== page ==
Oil futures traded mixed early Monday as crude investors weighed the health of the global economy and its impact on energy uptake.
The planned resumption of trade talks between the U.S. and China, the world’s largest economies, also was in focus but commodity investors appeared doubtful that a near-term resolution could be achieved, which would if achieved help support energy demand and higher crude prices.
West Texas Intermediate crude for September delivery CLU19, +0.12% on the New York Mercantile Exchange added 4 cents, or about 0.1%, at $56.22 a barrel, while October Brent crude BRNV19, -0.19%, the global benchmark, gave up 13 cents, or 0.2%, to $63.24 a barrel on the ICE Europe exchange.
Last week, U.S. benchmark WTI posted a 1.5% rise for the week, while Brent, notched a 1.5% weekly advance.
Oil has mostly been drifting higher amid geopolitical tensions between Iran and other countries, notably the U.S. and Britain in the Strait of Hormuz, a key chokepoint for oil in the Middle East to the rest of the world. Washington’s decision last May to pull out of a 2015 Iran nuclear deal set the stage for increased animosities in the region.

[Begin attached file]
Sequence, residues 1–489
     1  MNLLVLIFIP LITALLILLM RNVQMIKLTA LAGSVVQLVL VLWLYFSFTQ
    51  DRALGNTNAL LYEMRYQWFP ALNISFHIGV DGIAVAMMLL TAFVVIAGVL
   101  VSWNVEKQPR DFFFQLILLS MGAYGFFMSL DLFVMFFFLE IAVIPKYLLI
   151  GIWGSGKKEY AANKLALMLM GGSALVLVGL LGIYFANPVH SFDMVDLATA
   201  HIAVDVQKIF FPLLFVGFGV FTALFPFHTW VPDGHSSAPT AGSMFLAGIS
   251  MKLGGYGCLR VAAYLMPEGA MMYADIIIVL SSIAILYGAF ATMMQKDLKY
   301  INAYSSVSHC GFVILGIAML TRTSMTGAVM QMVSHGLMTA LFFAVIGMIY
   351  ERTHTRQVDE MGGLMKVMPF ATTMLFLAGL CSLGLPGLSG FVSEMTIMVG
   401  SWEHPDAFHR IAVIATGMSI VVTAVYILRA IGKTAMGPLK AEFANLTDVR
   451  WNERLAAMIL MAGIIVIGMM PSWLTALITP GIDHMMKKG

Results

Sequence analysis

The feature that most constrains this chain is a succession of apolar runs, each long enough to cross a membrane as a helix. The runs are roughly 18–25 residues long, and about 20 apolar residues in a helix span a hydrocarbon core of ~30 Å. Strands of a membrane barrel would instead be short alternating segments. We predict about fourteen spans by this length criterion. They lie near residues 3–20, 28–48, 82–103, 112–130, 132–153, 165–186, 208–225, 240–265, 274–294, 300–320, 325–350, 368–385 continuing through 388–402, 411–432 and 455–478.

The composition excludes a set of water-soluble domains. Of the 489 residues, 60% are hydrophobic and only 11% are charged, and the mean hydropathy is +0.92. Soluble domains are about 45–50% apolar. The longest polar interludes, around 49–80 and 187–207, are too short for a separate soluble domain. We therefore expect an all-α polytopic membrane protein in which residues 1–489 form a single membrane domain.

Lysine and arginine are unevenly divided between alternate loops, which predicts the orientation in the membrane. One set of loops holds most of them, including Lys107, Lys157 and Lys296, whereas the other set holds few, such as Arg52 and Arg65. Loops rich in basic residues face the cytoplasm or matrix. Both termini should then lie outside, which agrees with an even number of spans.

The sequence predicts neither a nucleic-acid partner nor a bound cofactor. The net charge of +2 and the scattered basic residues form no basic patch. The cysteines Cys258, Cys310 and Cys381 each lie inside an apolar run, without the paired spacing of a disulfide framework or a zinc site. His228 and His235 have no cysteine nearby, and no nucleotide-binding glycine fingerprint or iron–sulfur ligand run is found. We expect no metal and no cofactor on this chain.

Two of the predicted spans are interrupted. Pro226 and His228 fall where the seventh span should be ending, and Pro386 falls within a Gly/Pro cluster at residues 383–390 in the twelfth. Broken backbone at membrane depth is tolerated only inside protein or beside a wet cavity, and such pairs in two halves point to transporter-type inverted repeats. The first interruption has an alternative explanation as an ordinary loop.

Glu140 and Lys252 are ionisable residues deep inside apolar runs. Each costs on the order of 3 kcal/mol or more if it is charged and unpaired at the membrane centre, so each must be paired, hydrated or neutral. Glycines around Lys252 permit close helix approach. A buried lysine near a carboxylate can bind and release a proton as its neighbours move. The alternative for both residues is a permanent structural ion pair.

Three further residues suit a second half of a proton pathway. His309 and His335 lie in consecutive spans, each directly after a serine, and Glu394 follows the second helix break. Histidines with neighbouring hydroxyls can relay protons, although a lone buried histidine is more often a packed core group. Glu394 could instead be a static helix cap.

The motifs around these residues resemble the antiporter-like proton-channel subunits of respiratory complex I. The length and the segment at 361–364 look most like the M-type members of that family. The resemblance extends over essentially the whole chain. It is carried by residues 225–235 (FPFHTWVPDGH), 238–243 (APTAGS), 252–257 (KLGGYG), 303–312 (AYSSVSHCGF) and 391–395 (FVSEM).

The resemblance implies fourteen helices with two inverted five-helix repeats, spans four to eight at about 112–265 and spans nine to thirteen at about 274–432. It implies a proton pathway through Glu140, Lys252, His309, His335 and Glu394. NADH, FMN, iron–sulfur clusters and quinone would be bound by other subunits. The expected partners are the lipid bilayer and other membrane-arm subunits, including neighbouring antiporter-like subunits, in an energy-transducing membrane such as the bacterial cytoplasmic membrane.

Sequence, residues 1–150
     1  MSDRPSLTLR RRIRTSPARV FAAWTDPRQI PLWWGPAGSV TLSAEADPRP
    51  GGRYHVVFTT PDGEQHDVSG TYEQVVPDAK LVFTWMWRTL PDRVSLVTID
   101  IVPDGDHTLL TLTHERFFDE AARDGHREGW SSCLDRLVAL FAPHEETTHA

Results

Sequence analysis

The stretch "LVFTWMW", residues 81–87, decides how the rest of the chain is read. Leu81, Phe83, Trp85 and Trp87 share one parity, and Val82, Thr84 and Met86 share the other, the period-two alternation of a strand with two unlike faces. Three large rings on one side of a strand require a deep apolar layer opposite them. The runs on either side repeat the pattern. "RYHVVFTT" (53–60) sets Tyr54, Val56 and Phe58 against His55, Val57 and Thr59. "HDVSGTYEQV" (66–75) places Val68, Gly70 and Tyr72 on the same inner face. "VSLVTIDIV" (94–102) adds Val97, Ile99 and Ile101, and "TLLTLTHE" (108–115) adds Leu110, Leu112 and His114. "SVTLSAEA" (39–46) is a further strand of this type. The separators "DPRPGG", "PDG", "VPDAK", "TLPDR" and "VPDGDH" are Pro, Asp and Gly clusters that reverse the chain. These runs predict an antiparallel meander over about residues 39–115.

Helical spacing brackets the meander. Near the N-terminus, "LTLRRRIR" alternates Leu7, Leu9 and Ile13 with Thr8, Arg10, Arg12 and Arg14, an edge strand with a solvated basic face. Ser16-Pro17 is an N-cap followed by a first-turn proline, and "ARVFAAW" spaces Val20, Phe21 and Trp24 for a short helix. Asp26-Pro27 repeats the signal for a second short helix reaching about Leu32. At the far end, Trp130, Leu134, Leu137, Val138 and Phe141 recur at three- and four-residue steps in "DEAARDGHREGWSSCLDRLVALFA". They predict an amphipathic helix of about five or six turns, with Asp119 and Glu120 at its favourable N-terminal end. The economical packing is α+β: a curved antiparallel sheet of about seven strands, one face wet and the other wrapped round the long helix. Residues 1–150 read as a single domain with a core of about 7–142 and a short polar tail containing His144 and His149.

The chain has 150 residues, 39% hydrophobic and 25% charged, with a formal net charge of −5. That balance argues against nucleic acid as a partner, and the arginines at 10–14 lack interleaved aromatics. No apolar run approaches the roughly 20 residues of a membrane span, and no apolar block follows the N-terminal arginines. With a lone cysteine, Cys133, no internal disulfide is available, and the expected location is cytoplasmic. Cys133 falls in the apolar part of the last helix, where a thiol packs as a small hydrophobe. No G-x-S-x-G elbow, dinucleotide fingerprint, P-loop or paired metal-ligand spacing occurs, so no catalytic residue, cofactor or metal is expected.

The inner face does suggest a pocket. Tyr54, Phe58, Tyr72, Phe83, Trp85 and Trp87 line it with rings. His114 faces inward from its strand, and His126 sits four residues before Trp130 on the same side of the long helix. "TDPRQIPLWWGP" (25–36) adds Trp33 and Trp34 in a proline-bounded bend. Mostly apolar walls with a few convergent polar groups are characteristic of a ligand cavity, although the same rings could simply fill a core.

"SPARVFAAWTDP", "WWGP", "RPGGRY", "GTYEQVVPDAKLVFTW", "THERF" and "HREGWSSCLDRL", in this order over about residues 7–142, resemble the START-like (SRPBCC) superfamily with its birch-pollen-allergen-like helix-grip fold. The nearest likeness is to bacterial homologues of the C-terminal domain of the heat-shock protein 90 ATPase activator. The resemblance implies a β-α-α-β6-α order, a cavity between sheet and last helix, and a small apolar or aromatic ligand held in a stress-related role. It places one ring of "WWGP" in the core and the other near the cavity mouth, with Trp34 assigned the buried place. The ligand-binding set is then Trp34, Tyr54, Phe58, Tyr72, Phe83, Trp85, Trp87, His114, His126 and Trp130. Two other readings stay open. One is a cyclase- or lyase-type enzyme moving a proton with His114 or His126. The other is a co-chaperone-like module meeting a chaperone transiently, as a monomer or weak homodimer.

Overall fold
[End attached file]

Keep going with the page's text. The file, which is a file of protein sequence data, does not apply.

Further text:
On Monday, the U.K. sent a warship to escort its vessels in the region and warned Tehran that it must release a British-flagged vessel seized this month.
Meanwhile, the Federal Reserve’s policy decision, where it is expected to cut benchmark interest rates by a quarter-of-a-percentage point, also could be a key inflection point for global markets, as central bank’s attempt to curtail a global slowdown that could impinge upon energy consumption.
“Global economic growth prospects remain fragile, so energy traders will closely await updates on both the trade front and Fed policy,” wrote Edward Moya, senior market analyst at Oanda, in a daily research note.
Formal negotiations between China and the U.S., which were set to get under way on Tuesday in Shanghai, also were being watched for signs of progress, which could help support global economic expansion. Tensions between the superpowers have underpinned concerns about crude appetite.
President Donald Trump has suggested that Beijing may avoid inking a tariff agreement with the U.S. until it determines the outcome of the 2020 presidential election. “I think that China will probably say, ‘let’s wait,’” he told reporters in the Oval Office. “When I win, like almost immediately, they’re all going to sign deals.”
U.S. Trade Representative Robert Lighthizer and Treasury Secretary Steven Mnuchin will lead the Sino-American tariff talks.
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